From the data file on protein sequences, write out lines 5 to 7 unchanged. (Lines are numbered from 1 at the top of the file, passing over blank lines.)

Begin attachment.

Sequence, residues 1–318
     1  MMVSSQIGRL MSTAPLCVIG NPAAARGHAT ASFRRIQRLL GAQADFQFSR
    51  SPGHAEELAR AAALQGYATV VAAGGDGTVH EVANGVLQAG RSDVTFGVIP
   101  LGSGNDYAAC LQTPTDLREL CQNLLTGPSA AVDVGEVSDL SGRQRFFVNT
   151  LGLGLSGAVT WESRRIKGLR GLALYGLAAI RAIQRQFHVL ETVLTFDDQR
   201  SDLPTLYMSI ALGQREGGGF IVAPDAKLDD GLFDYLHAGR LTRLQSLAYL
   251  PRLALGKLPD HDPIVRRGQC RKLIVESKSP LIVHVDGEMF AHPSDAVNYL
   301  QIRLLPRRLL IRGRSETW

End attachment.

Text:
   151  LGLGLSGAVT WESRRIKGLR GLALYGLAAI RAIQRQFHVL ETVLTFDDQR
   201  SDLPTLYMSI ALGQREGGGF IVAPDAKLDD GLFDYLHAGR LTRLQSLAYL
   251  PRLALGKLPD HDPIVRRGQC RKLIVESKSP LIVHVDGEMF AHPSDAVNYL